This I Believe

Jessica - Madison, Wisconsin
Entered on February 6, 2008

A recent column by Karen Von Hahn in The Globe and Mail, a Toronto newspaper, chastised younger women – which includes my 26-year-old self – for thinking it’s “‘lame’ to align themselves with a woman candidate on the sole ground of sisterhood.” Every few days, I see, hear or read that I “just don’t understand” feminism.

This all implies that I don’t know what it’s like to be oppressed as a woman and that I can’t understand the importance of having a woman lead the free world. Most insulting of all, it declares that I’m not a feminist. Who gets to decide what the definition of “feminism” really is?

When my parents had me, their first child, they couldn’t afford day care and also believed their kids should have a stay-at-home parent. They actually sat down and figured out whose job would support the family – it was never assumed by either of them that my mom would leave the work force. It worked out that my dad’s postal carrier job provided the best benefits for our growing family.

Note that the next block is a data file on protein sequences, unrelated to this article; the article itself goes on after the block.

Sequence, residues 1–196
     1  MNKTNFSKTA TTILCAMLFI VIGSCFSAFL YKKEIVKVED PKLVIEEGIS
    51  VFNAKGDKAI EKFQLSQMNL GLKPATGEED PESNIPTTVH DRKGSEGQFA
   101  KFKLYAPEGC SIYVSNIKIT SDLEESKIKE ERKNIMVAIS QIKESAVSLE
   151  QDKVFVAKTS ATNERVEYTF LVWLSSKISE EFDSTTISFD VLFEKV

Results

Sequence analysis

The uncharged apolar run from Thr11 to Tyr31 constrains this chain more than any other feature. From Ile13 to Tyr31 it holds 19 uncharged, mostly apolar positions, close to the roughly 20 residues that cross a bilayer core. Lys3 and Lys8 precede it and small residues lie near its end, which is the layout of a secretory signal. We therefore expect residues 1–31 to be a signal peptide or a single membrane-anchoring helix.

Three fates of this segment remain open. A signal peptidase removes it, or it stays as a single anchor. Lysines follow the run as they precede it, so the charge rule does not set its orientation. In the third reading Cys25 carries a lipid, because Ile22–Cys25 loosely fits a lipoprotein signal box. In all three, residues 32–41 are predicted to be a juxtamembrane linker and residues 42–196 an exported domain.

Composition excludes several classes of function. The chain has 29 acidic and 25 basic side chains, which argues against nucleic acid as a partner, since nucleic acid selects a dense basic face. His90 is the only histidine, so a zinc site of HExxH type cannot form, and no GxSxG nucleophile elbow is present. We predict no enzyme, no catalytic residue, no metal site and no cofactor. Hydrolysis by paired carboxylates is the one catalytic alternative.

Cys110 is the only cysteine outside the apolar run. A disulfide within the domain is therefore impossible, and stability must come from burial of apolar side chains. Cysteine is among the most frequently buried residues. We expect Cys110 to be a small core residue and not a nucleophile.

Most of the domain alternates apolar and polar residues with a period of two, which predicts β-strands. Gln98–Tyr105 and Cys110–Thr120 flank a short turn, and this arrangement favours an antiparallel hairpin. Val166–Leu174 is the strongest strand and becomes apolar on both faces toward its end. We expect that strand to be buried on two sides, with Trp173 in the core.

As I grew up, I saw the first female secretary of state, first female CEO of a Fortune 500 and many more milestones. I also watched my mom, a member of the boomer generation, whose parents denied her the chance to go to college, struggle to stay at home with her kids because that was what she wanted. She also drove a full-size, diesel-engine school bus (an impressive feat for someone who’s just under five feet tall and slight) every morning and afternoon in order to contribute to our small household income.

My mom never burned her bra; she never marched on Washington. But I wouldn’t dare say she’s not a feminist. Within the limits she had, she went for what she wanted despite her gender. And she taught me that feminism isn’t a static concept; it’s something we each need to apply to our own lives, in our own way.

My feminism is not doing something “out of sisterhood,” but out of my personal sense of right and wrong. In my feminism, men aren’t the enemy or the competition. I want to create a positive future for my possible sons as well as my possible daughters. My feminism is choosing the candidate I think will best improve the nation for everyone, and I’ve well considered the efforts of my hard-working sisters of past generation in making that decision.

Feminism was once a radical idea. Now I argue that the radical idea is to accept that a male candidate for president, Barack Obama, might be better for American women than a female candidate just because she’s female. Feminism is about making your own decisions – and so I’m proud to call myself a feminist, even if some of my pioneering sisters may want me ousted from that group after I cast my vote in the Wisconsin primary on February 19.